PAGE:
Dal Bahadur Tiwari, 79, died Sunday, June 11, 2017, while taking a nap at his home in Geylegphug, Bhutan.
Born in Lopsibhotey, Chirang, Bhutan, to Amar Singh Tiwari and Tulasa Tiwari, Dal Bahadur had a difficult childhood, although he was made stronger for it. He claimed his father was an intellectual and a voracious reader, and earned the respect of his villagers because of it and was considered a learned man.
His mother left him in Bhutan and went to Assam, India, along with her two daughters when he was eight. He repeatedly narrated the story of how his hope died when he was never again reunited with her following this incident.
After his separation with his mother, Dal lived with his paternal grandmother, and for this reason he was locally known in the village as nati. At a young age of just 11, Dal was arranged for a marriage to Chandra Maya Nepal, which flourished and worked out great until her untimely death at a young age in 1979.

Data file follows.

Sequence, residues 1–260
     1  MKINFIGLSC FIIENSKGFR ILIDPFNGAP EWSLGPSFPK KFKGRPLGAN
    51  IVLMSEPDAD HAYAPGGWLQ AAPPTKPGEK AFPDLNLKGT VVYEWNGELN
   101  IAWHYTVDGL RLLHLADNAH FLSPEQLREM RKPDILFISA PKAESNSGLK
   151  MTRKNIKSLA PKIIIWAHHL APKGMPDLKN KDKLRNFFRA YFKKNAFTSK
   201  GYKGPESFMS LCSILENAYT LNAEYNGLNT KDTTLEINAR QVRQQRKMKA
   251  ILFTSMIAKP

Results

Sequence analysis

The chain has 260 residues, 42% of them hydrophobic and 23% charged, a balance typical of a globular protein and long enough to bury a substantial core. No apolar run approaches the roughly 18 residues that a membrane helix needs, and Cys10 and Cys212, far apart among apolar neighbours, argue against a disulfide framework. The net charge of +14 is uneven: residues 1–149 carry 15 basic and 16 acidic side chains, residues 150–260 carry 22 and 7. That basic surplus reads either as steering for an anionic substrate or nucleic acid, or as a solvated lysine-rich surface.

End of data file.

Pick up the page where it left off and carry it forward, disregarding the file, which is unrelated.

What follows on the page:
Then a widower, Dal, with the support of his in-laws, raised his kids to be exceptional, leaving no doubt about his abilities as a father. As a testament to love for his wife, he lived for 38 years as a single man, refuting the idea of marrying again also because of the burden he felt it would pose to his children.
Never one to shy away from challenges, he instilled in his children and grandchildren a tenacious determination to succeed in life. One of the most striking traits of his was a fierce craving for an independent life, especially towards the end of his years. He traveled to India, Nepal, and the United States, and those surrounding him were all aware of his desire for autonomy and to not be a bother to anyone.
He is survived by four sons – Dil Bahadur, Dr Purna Chettri, Lok Bahadur, Bhim Chhetri, daughter-in-laws, Pravha, Bidhya, Kirti Maya and Kobina, and eleven grandchildren.
(This is an advertorial. Contributed by Divyash Chhetri, BNS has neither edited its content nor verified facts presented).